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ValuJet Flight 592 crash: FBI offers $10,000 for info on fugitive in deadly 1996 crash

1996 ValuJet crash: FBI offers big reward in search
1996 ValuJet crash: FBI offers big reward in ... 02:12

MIAMI -- Federal authorities are offering a $10,000 reward for information leading to the capture of a fugitive airline mechanic connected to a 1996 passenger plane crash in the Florida Everglades.  The FBI announced the new reward Thursday for information about Mauro Ociel Valenzuela-Reyes, who worked for SabreTech, the maintenance contractor for ValuJet Airlines.

Valenzuela-Reyes was facing federal criminal charges in 1999 after investigators determined he had mishandled oxygen generators that were placed in the DC-9's cargo hold. The generators were missing required safety caps and ignited in the cargo area. The Flight 592 crash killed all 110 passengers and crew members.

"He fled before trial," said FBI Miami Special Agent Jacqueline Fruge, who has led the agency's investigation.

Valenzuela-Reyes has family connections to Atlanta and Santiago, Chile. Authorities say he might be living in one of those places under a false identity.

"We've tried over the years to find him," said Fruge. "It bothers me. I've lived and breathed it for many, many years."

CBS Miami reported that the crash was among the worst air disasters in Florida's history.

Rescuers arrived at the scene far from any roads in the Everglades about 20 miles east of Miami to find a shocking sight. The plane was gone, shredded into bits by the impact of the crash. Metal fuselage parts and small pieces of human tissue floated in a few feet of water, just below the service.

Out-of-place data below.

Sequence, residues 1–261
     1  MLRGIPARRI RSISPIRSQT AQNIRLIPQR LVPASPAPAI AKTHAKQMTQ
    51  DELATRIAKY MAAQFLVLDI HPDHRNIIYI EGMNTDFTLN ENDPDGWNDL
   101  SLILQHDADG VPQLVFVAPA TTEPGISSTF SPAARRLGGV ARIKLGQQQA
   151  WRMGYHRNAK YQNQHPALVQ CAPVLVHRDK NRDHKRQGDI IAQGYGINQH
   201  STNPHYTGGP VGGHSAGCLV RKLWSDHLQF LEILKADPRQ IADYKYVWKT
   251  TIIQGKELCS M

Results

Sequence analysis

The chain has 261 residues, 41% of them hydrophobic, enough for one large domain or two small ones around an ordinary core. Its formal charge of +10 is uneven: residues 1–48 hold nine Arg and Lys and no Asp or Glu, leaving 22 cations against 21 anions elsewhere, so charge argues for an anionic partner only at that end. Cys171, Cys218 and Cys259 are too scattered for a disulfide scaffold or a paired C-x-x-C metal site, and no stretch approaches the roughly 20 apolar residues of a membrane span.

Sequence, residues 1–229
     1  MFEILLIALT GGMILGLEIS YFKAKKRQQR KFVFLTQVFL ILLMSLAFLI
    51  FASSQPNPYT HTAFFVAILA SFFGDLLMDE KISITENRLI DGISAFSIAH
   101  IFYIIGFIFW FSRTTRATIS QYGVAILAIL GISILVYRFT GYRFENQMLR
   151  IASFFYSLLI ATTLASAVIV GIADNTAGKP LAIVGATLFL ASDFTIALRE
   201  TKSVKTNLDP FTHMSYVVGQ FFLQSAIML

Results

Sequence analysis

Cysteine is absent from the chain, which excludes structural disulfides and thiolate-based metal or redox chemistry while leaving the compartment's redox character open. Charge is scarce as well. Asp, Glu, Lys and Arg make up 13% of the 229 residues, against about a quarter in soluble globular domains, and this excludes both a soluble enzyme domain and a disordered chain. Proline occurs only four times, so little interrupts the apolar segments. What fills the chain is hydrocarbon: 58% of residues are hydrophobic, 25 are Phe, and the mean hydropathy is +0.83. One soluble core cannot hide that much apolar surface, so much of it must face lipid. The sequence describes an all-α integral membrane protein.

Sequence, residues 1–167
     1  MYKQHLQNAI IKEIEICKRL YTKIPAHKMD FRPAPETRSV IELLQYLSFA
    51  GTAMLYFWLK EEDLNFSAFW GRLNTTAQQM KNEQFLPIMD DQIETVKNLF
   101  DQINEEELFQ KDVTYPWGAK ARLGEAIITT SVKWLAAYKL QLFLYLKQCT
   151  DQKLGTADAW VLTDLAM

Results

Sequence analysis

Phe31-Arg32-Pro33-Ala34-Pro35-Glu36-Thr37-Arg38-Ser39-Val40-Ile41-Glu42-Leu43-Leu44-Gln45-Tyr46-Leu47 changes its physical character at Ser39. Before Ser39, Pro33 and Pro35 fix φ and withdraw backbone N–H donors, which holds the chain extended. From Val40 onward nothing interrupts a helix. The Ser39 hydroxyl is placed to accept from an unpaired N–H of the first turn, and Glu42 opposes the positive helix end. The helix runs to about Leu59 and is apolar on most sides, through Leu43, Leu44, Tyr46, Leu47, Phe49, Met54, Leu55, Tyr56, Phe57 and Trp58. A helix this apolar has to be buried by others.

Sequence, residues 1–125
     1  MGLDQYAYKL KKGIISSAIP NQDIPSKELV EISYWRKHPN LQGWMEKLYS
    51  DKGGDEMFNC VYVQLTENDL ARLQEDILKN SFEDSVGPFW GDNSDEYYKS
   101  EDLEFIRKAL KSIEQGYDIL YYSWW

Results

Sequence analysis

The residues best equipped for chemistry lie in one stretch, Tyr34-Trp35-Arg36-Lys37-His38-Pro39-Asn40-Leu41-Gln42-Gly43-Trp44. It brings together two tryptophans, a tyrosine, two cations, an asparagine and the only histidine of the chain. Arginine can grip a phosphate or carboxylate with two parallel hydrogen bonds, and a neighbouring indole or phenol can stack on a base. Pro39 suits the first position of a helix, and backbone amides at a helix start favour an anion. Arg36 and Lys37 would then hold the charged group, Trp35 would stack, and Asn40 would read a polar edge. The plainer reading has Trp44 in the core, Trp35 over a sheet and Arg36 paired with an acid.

It was a charnel house that sickened searchers, and a hallowed site to those who lost someone in the crash.

It would be months before the majority of the plane's pieces and all of the parts of the victims could be retrieved, and months more before the official cause was released.

What investigators knew was that the plane had been destroyed in mid-air by a massive on-board fire. When investigators finished their job, they believed they had the cause. Canisters which generated oxygen for the plane's emergency systems, apparently improperly stored and loaded aboard the plane, ignited and caused tires in the hold to blaze.

Thick smoke filled the cabin, the pilots lost control, and the plane smashed into the shallow waters of the Everglades at near top speed. The plane disintegrated on impact.

The improper handling of the canisters, which used a chemical reaction to produce oxygen and in the process, generated heat, was blamed on Sabretech, a Valujet subcontractor. Something caused a canister to spark about 6 minutes into the flight, torching the tires upon which the box had been placed.

The cabin was filled with smoke, control cables were burned, and the doomed plane plunged to its death.

The finger pointing lasted more than a year. The airline was blasted for shoddy oversight. The subcontractor was accused of failing to follow procedure. The investigation highlighted a number of areas in which safety could be improved, one of the legacies of the Valujet disaster.

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